So far, he has never had a case of enterocolitis or any infection related to HD.  He has never been admitted to the hospital for HD complications.  He was completely potty trained a few months before he turned three years old and now thrives as a normal four year old boy who loves to run, shoot things, play baseball, and get into trouble.  He's small for his age but that certainly is something our family is used to.  Our doctor didn't even think a followup barium scan was necessary since he's been thriving so well and it wouldn't really change our current course of action anyway.

As of now, and with the support of our new family doctor, our plan is to continue in the same way.  My hope remains that as he gets older his body will be strong enough and learn to compensate for the segment that is affected by the HD and it would be like it wasn't even there.  I am so thankful that we chose not to have the surgery.  I have no idea where his development would be and what potentially life changing complications could have arisen.  Yes, he could have possibly been completely rid of HD but for us, the risk just wasn't worth it.

If you happen to be reading this because you're facing a similar diagnosis and decisions, PLEASE email me with any questions you may have.  I'd love to help in any way I can and will share more details with you than I am comfortable sharing about my boy here.  PLEASE do not be afraid to get a second or third opinion and always do your own research.  Our experience with this has only strengthened my position that many doctors only know their own way of treating things and they are not always informed of the most up to date treatments.  Many want to do more when sometimes the best treatment is less.  In our situation, I am so very grateful we went with less.

Love him.

11 comments

  1. It is so wonderful that you figured out the least invasive approach for David. it is amazing how well it has turned out for him. You pull off his special water so well that I don't even notice it when I am staying with you.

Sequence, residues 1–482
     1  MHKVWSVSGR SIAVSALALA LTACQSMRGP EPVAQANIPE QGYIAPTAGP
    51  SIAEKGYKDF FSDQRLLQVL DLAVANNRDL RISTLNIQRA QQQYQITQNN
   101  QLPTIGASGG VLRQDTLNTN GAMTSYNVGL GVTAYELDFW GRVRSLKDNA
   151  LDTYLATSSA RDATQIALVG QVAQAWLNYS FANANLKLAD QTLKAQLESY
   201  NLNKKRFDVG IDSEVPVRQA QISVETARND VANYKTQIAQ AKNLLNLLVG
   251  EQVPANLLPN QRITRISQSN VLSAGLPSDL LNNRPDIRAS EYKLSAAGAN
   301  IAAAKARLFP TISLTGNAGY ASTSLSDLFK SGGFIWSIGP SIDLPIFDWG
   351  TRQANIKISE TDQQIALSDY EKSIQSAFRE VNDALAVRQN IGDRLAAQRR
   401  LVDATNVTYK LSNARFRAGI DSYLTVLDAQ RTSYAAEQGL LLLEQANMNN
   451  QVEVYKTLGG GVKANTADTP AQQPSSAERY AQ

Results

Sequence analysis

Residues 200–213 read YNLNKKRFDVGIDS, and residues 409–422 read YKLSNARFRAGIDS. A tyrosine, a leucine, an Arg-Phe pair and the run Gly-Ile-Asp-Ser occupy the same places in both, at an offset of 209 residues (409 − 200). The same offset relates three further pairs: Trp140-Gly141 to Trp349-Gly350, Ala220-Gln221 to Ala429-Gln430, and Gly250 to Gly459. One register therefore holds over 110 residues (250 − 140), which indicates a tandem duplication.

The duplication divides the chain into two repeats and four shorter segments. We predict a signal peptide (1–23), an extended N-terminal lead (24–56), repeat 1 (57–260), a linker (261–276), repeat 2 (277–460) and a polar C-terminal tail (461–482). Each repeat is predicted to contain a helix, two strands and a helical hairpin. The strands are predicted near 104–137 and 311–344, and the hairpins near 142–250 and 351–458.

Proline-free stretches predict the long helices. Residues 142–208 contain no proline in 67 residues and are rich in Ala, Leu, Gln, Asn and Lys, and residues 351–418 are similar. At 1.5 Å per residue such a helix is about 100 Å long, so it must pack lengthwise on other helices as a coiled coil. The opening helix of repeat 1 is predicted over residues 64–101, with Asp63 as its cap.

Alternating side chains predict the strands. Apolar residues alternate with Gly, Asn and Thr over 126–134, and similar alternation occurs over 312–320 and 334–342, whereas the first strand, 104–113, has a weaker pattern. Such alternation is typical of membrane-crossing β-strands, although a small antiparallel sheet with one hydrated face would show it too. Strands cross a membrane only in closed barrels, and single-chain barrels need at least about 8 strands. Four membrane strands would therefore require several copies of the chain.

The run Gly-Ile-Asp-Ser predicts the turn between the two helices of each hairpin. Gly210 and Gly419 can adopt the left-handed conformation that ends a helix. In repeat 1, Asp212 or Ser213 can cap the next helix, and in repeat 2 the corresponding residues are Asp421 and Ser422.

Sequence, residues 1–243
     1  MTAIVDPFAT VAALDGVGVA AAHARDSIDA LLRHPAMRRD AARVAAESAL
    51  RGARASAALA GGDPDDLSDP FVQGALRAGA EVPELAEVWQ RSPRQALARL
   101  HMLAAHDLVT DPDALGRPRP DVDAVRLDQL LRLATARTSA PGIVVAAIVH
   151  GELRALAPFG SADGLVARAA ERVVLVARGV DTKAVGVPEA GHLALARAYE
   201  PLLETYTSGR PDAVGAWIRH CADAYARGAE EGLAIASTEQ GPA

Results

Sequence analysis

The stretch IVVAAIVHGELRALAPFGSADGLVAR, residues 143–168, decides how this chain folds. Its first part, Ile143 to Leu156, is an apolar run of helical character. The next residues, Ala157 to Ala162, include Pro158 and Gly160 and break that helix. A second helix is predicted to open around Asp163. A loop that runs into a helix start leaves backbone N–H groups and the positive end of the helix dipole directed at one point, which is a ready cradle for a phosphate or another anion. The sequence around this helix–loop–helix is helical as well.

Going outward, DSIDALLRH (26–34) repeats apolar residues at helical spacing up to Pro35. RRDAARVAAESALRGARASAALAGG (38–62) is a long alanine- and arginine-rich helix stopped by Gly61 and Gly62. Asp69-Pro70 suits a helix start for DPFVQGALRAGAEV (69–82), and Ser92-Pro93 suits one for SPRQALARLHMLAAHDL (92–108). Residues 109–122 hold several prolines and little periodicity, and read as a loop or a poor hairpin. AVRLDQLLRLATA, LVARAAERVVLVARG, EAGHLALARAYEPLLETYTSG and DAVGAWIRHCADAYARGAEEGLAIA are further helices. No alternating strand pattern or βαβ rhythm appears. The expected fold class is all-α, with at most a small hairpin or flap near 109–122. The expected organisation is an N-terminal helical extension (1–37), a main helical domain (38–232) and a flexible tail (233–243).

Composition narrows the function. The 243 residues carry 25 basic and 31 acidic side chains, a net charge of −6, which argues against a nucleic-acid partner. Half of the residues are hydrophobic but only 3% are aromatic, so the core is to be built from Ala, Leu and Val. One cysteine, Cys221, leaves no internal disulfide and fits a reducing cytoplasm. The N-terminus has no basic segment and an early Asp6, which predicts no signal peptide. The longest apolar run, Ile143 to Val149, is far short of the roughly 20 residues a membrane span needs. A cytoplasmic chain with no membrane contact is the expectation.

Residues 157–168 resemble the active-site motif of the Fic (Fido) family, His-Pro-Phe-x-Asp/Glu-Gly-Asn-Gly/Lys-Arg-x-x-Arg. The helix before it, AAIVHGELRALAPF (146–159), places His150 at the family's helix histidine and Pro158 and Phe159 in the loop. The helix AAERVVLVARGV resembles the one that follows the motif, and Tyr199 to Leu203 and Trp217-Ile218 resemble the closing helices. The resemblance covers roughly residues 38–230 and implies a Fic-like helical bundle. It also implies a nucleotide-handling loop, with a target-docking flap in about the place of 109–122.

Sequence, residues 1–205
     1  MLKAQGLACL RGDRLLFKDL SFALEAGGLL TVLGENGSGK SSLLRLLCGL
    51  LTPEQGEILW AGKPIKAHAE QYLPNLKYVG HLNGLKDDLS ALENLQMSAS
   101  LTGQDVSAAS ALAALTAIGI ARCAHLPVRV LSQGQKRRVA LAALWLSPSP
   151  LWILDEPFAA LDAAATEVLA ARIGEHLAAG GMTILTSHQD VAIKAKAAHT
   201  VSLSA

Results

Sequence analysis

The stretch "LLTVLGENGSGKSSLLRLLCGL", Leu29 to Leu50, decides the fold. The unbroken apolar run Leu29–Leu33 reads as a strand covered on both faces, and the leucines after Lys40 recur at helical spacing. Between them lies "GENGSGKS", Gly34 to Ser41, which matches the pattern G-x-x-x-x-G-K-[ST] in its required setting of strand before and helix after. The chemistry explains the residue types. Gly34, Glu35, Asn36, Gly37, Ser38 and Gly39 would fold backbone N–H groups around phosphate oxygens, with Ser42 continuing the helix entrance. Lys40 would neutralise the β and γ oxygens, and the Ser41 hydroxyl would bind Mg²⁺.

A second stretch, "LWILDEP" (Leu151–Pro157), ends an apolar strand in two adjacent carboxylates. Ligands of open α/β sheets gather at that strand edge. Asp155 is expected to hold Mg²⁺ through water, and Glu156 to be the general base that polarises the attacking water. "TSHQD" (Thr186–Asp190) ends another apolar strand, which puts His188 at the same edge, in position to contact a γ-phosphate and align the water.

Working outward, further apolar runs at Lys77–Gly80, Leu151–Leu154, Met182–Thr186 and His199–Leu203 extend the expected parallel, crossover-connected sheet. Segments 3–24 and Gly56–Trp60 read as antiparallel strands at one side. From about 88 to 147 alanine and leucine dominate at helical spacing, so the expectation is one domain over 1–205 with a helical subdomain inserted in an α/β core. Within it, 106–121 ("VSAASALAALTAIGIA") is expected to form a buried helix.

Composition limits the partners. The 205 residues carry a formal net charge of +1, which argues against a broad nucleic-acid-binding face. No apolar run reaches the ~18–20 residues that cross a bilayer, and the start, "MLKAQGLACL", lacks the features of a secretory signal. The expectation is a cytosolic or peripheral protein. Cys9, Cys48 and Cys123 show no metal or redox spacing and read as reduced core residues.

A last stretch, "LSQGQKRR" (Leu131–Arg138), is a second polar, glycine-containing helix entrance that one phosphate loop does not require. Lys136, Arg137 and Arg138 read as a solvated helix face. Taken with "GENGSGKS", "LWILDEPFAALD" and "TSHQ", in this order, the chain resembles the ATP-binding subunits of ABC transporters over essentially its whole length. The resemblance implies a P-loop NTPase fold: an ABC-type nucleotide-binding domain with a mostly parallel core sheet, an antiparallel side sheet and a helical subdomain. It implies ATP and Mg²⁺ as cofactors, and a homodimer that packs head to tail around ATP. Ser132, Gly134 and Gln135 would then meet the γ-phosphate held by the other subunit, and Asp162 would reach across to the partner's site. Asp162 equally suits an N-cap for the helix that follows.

Grandma & Grumpy

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  2. Wow. I just went back and read all the posts about Hirchsprungs. What a road you've had. I'm so glad that David has parents like you who research and make decisions based on what's best for your family. He's a lucky boy.

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  3. I read all of your posts last night and just wanted to say that I've added David to my prayer list. I think you're an amazing mama who is very well informed of your son's issue. I'm so glad that the miralax works for him and that it's more like a supplement than heavy medication...that is a blessing.

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  4. Thank you for this post. I have a 7-month-old son I worry about. I suspect Hirschsprung's. Thank you for making the possibility a little less terrifying.

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    1. I hope our story can help and I'm so sorry you're going through this! Please feel free to email me if you think I can help any further.

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  5. I have read this with interest and was wondering if your son is able to eat whatever he wants. We have had some similar problems with our oldest when he was a baby, but he was never tested for HD. He just ended up in the NICU right after birth, but they could not tell us what his digestive issues were. Later we did remove dairy and gluten to get his symptoms under control and it made a difference. He is 18 now, but we still keep him off gluten and he still once a while has some problems.

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    1. Hi Eva, yes, he is now able to eat without any restrictions (well, besides the normal ones I already have for all the kids!). If dietary changes make a difference then it is likely not Hirschsprung's and some sort of dietary intolerance. Obviously, I'm not a doctor but Hirschsprung's symptoms will show themselves no matter what (unless someone were to go on an all liquid diet, I guess). I did a complete elimination diet when he was an infant and exclusively breastfed and it didn't make any difference. I'm sorry your son has had those issues but glad he seems otherwise healthy!

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    2. Thanks so much, Mary. Just curious, what are your "normal restrictions"?

      P.S. Do you belong to the homeschooling group COMHS? We do, but live too far away to participate in most events.

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    3. We try our best to eat only real foods and stay away from processed and unidentifiable ingredients. We don't do food dyes, hydrogenated oils, processed meats, and most corn syrup. I make most stuff from scratch, limit treats, try to locally source what we can (meat, milk, eggs) and get organic as far as we're able. It's far from perfect but I do what I can!

      And yes, we do!

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    4. Sounds similar to the way we eat. Too bad we have not met so far.